Davenport Democrat/December 13, 1933
Refuses to Get Worked Up by Storm of Right-Mindedness
New York, Dec. 13, As one member of the rabble I will admit that I said “Fine, that is swell” when papers came out that recent day, telling of the lynching that killed the young fellow in California, and that I haven’t changed my mind yet for all the storm of right-mindedness which has blown up since. I know how storms of Pegler right-mindedness are made. The city editor calls a fellow over and tells him to call up a lot of names on the office right-mindedness list and get about a column of expressions of horror and indignation. There are various standard lists in all shops. One is the list to be called up when some police captain in Boston bars some dirty book from public sale. This one includes a lot of one-book novelists who will say that the Boston police captain undoubtedly is just an ignorant cop who ought to be out shooting hoodlums. There is another group to be called up for expressions on the restlessness of modern youth when some young girl falls out the window of a penthouse. There are a feminism list, a nudist list, and is jazz-music? list and so forth. Well the city editor tells the fellow to get about a column of horror and indignation over the lynching and he goes into the phone booth and comes out half-an-hour later with a piece of copy-paper all scratched up with chicken-track notes. He has nailed the president of the university, the head of the local bar association, a couple of publicity-crazy judges, the governor, the head man of the local crime committee and several prominent ladies who go in for right-mindedness in a grim way.
Then the Cartoon
Then the editorial page cartoonist, if there is one, draws a picture of a robust female in a loose whopper with her head bowed and a broken sword in one hand and an apothecary’s scale, with the chains all tangled up, in the other, or if there isn’t a cartoonist in the house, a drawing drops in by airmail from the big syndicate. Now the storm of right-mindedness is gathered together in the forms and a little while later it begins breaking over the community. But all the time the two men who kidnapped the young fellow and took him out on a bridge where they knocked him on the head with a concrete block and threw him into the water are permanently dead. They did it and they got theirs and however hard the storm or right-mindedness may blow one certain thing is that no lawyer is ever going to get them loose on a habeas corpus or a writ of error based on the fact that some stenographer, in typing the indictment, hit a comma instead of a semicolon. Neither is any Len Small, come to the Governor’s office ten or fifteen years later, going to turn them loose in payment for some service which some hoodlum politician performed for him in the last election or might perform in the next. Not even Ma Ferguson can pardon a corpse.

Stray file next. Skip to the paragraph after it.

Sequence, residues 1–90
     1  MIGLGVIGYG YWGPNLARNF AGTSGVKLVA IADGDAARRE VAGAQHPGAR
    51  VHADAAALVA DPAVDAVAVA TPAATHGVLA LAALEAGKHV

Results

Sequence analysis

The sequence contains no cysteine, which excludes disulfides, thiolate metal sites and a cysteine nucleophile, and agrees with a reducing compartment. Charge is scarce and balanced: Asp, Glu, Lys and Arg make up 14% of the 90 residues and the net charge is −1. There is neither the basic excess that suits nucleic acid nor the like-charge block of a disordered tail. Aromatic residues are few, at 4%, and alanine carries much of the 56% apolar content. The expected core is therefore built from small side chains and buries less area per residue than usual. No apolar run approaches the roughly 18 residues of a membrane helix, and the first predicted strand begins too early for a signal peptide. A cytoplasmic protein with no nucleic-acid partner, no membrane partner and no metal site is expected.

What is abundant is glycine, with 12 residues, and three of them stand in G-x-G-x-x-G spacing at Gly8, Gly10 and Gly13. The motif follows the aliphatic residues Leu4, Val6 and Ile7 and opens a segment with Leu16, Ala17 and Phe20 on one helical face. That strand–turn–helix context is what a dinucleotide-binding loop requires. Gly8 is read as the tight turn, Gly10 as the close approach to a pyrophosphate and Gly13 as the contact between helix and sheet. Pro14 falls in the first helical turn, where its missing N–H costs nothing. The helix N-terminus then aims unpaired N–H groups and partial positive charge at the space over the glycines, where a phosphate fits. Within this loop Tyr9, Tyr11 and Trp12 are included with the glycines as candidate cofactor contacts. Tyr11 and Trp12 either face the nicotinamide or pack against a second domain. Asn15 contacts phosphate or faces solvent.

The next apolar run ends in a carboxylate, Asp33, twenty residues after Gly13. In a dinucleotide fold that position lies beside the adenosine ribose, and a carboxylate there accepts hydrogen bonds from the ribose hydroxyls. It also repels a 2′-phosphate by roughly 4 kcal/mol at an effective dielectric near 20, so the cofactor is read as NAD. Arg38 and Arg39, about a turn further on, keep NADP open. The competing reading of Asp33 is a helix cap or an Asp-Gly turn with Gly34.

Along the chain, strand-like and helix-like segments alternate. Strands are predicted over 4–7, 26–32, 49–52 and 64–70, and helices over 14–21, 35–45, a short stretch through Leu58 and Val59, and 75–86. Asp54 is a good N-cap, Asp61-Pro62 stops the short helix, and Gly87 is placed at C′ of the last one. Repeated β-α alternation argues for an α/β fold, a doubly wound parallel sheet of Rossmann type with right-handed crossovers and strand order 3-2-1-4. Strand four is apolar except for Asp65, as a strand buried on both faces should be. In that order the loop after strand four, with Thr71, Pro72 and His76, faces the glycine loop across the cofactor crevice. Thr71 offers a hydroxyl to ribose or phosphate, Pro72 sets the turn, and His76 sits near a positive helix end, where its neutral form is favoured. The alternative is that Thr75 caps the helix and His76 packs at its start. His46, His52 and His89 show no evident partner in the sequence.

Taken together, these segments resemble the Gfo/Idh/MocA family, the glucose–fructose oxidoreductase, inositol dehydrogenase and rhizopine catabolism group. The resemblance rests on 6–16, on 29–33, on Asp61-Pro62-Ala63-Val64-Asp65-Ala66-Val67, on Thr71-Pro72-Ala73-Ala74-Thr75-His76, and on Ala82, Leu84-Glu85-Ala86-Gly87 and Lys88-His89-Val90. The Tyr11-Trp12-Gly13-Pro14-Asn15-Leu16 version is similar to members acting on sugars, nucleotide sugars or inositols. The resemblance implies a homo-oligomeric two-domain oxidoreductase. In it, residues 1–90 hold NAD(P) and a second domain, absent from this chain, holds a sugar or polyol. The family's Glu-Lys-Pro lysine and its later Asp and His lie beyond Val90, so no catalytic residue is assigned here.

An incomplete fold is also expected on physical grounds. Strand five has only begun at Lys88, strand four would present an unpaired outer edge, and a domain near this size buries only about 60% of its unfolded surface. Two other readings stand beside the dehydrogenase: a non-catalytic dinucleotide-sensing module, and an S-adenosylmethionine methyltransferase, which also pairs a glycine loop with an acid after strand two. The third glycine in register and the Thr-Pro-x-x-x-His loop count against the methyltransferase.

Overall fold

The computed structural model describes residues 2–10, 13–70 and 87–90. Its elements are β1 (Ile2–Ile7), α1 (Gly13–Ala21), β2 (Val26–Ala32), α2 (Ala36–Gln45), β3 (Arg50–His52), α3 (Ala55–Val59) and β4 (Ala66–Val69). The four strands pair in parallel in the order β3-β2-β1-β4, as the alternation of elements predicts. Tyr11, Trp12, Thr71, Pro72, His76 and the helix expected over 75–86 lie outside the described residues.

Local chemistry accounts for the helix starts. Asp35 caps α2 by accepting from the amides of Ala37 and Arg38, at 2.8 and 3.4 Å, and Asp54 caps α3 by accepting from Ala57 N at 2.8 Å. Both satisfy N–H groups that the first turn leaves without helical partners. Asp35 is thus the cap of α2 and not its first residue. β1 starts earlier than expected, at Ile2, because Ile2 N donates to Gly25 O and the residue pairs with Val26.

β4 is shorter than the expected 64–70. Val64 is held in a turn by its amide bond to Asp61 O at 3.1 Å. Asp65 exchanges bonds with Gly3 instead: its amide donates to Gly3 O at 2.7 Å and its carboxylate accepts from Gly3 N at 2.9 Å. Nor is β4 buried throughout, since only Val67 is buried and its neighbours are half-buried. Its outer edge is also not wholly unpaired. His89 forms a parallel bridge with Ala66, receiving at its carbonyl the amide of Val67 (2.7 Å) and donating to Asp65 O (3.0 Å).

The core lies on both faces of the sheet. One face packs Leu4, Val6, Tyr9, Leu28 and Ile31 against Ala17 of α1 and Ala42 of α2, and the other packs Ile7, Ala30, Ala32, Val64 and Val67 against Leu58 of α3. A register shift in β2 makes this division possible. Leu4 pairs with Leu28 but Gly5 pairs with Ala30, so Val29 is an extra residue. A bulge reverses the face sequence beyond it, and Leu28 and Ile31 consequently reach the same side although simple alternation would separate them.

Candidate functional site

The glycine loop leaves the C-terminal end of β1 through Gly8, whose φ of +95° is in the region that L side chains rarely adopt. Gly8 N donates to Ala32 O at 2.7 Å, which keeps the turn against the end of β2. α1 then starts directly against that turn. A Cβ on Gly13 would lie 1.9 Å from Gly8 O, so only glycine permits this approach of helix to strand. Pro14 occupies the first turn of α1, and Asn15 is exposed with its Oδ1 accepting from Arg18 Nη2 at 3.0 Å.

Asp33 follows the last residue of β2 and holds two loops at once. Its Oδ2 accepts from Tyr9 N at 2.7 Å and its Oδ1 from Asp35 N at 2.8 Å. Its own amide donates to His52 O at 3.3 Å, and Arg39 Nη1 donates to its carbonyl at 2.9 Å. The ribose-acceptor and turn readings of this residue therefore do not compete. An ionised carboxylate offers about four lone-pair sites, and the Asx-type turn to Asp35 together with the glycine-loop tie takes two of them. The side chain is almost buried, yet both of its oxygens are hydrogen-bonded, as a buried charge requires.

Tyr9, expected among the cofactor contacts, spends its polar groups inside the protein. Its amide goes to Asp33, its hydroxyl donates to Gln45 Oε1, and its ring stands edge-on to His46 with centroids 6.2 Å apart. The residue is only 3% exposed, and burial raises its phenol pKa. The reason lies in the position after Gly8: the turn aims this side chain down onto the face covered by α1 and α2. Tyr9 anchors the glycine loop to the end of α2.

A Protective Business
The fine theory of all expressions of horror and indignation is that punishment is not supposed to be vengeance but a protective business whereas the rabble which constitutes by far the greatest element of the population wants to make the murderer suffer as the victim or his family did. And, though they would be willing to let the law do it for them if the law could be relied upon, they know too what lawyers will do when they get a chance to invoke a lot of legal technicalities which were written and passed by lawyers to provide lawyers with opportunities to make money. I claim authority to speak for the rabble because I am a member of the rabble in good standing and I claim to know how lawyers work because I have worked around the courts In the newspaper business long enough to observe that there never is a criminal so vile but that his lawyer, under the pretext of obedience to his duty and by virtue of a lawyer’s law, enacted to help lawyers cheat other lawyers, will try to get him loose.
I have talked this over with several men who took part In the preparation of the recent storm of right mindedness over the California lynching and every one of them said that he, and his wife, both, said “Fine, that’s swell” or words to that effect when they first heard the news. But they distinguish between their private, personal feelings and opinions in the matter as spiritual members of the rabble, arid their public actions and utterances as members of the right-minded element. Having no public position, myself, I can be consistent.
Innocent Also Murdered
I am aware, too, that the purity of the California lynching was fouled up by the indorsement of a low-grade politician who happened to occupy the Governor’s office and who should have kept still. I am told, also, that there have been four other lynchings since those and that the statement of the Governor of California probably acted as an incitation in these cases. These lynchings will be matters of horror to the right-minded group, the more so if there happened to be an innocent man among them. But in the same period of time since the California case there will have been probably 50 murders in the country and the victims will include quite a few innocent, men and women too. I would pay more attention to storms of right-mindedness if they ever blew against the attorneys at law who argue and plead that one-to-ten years is a fair price for good man’s life and play dirty tricks on the law to cheat the rabble of even that little if they can.